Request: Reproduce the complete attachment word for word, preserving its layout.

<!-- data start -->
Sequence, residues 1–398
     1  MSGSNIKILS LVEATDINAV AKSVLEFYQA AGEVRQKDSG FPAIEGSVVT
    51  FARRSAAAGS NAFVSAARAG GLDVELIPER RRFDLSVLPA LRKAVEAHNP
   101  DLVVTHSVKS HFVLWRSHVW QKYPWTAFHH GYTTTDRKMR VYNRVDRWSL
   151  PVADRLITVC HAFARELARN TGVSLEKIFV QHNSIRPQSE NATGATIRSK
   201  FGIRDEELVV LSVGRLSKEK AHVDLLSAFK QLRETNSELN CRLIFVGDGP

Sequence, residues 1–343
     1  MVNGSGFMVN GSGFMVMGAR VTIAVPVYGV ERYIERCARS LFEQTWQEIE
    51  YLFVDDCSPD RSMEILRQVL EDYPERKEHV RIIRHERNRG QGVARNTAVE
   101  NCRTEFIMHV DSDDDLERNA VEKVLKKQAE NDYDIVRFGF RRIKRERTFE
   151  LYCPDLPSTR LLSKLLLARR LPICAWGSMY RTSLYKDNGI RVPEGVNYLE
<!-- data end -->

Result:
Sequence, residues 1–398
     1  MSGSNIKILS LVEATDINAV AKSVLEFYQA AGEVRQKDSG FPAIEGSVVT
    51  FARRSAAAGS NAFVSAARAG GLDVELIPER RRFDLSVLPA LRKAVEAHNP
   101  DLVVTHSVKS HFVLWRSHVW QKYPWTAFHH GYTTTDRKMR VYNRVDRWSL
   151  PVADRLITVC HAFARELARN TGVSLEKIFV QHNSIRPQSE NATGATIRSK
   201  FGIRDEELVV LSVGRLSKEK AHVDLLSAFK QLRETNSELN CRLIFVGDGP

Sequence, residues 1–343
     1  MVNGSGFMVN GSGFMVMGAR VTIAVPVYGV ERYIERCARS LFEQTWQEIE
    51  YLFVDDCSPD RSMEILRQVL EDYPERKEHV RIIRHERNRG QGVARNTAVE
   101  NCRTEFIMHV DSDDDLERNA VEKVLKKQAE NDYDIVRFGF RRIKRERTFE
   151  LYCPDLPSTR LLSKLLLARR LPICAWGSMY RTSLYKDNGI RVPEGVNYLE